Design as a tool
Today, there are fewer contractor vehicles with receipts stuffed between the dashboard and windshield. Are more contractors becoming clean freaks? Perhaps, but in actuality more are recognizing the importance of being organized and have found efficiency in tracking their accounts receivables and accounts payables.
Following this logic, should projects be constructed upon the whim of experience and skilled judgment, or rather the reference of documentation and scheduling? Maybe both; however, using a design document as a tool, not only in its graphic presentation of the idea but also its ability to reference scheduling of plant material and material quantities (e.g. paving, soil, face feet of wall, and veneer) has many benefits.
Further, integrated 3-D technology in computer-aided design (CAD) software provides cut/fill calculations, and designed drainage. It also presents exact design ideas that are efficient and flexible to change. Most contractors understand the value of this efficiency when cost of fuel and dumping fill charges escalate or a hand-drawn design concept did not include the retaining wall as a measure of controlling grade change around the pool.
When using design tools such as 3-D modelling products, designers are able to offer their clients a virtual, realistic walkthrough of a complete landscape project. It has all but eliminated initial questions in the minds of clients such as ‘What will this look like exactly?’ and ‘Will there be enough room for this?’ These questions can amount to a great deal of time through explanation.
Upon offering a virtual realistic experience, the 3-D imaging tool can provide dimensioning information when drawn in scale to assist with the exact positioning of planned structures for future development. These software programs are becoming more popular as extensions of other CAD software programs that can provide up-to-date budgeting information, which changes with the design.
More pool builders now offer 3-D design as an extension of their services to market a vision, even if the project is limited to a pool installation, which proves consumer confidence goes a long way. How can these contractors afford to do this? After many hours are spent explaining to one or two clients where and why a wall will be erected and what it will look like, most contractors will ask themselves, ‘How can I not afford this?’
Not all designers are created equal. When chosen carefully, a landscape design/software program should offer the contractor options and flexibility that easily transform a design concept into alternative construction drawings for permit application and quantity takeoff documentation, which allows the contractor to accurately price the project for construction and profitability (e.g. How many square feet of what paving material, how many yards of soil needs to be moved or is required, etc.). Today’s technology assists designers by providing them a detailed design drawing with usable and re-useable information that is integral to the success of a constructed project. A detailed design drawing is more than a concept ‘cartoon.’ As a professional design element, the design becomes inclusive as a contract document and it is relied upon for construction, quotation direction in addition to a point of reference for future work. The design tool is only as good as the content and context that is incorporated by the designer. It is requisite with the consideration of the end user, contractor, design/construction team, and client in mind.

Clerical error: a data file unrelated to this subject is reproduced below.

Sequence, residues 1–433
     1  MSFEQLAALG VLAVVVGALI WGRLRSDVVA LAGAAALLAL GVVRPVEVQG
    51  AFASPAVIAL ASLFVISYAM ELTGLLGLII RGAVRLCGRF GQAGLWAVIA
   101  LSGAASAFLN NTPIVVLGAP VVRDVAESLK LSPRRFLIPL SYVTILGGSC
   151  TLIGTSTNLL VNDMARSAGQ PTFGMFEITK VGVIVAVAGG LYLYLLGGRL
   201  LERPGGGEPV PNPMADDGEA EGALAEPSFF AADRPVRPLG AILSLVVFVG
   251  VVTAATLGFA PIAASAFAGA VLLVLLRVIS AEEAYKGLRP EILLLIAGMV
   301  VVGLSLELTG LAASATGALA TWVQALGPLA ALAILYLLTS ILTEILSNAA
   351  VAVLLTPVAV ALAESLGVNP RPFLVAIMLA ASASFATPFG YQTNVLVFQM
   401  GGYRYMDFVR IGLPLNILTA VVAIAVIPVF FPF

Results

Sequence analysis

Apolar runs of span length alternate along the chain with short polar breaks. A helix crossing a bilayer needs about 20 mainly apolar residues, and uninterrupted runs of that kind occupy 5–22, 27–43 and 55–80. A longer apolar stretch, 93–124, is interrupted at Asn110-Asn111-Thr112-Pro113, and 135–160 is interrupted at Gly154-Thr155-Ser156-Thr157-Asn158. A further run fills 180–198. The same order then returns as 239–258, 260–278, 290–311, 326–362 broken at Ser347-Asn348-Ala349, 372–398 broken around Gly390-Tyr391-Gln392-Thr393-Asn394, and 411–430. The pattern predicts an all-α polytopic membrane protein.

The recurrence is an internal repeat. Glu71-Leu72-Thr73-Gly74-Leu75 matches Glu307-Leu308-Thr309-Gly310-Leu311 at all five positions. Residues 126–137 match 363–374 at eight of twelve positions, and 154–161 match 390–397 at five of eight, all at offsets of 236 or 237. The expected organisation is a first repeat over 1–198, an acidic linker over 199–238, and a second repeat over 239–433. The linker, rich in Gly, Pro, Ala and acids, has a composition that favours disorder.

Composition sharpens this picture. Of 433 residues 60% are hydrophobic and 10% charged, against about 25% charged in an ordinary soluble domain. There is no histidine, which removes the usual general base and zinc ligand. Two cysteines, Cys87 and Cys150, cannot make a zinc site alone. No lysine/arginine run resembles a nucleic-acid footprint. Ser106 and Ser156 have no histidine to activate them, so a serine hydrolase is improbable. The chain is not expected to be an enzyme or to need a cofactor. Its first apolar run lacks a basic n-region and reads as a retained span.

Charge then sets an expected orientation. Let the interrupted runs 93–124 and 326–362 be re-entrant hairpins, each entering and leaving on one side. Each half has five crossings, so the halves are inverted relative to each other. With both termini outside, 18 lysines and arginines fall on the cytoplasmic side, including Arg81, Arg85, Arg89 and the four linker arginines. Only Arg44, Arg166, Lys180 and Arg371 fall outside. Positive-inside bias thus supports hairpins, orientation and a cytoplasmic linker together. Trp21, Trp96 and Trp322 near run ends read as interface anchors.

A perfect world would exist if the contractor has produced for a client (and themselves) a design drawing package that includes the following essential information:
- Provides, without question, a clear graphic, detailed description of the conceptual and final built landscape environment in 3-D.
- Produces a definitive budget tool that coincides with the graphic presentation and flexes with the design as it changes.
- Can be used as a permit application layout drawing and offers expansion into grading, lighting, planting, and irrigation plans, etc.
For some, this tool exists but not without cost. However, as long as it does as it proposes, it will surely save, perhaps even make money. The cost of such a tool is not just found in the invoiced amount. It takes time to produce with careful consideration the client’s needs as well as consideration of the contractor’s resources to execute the work.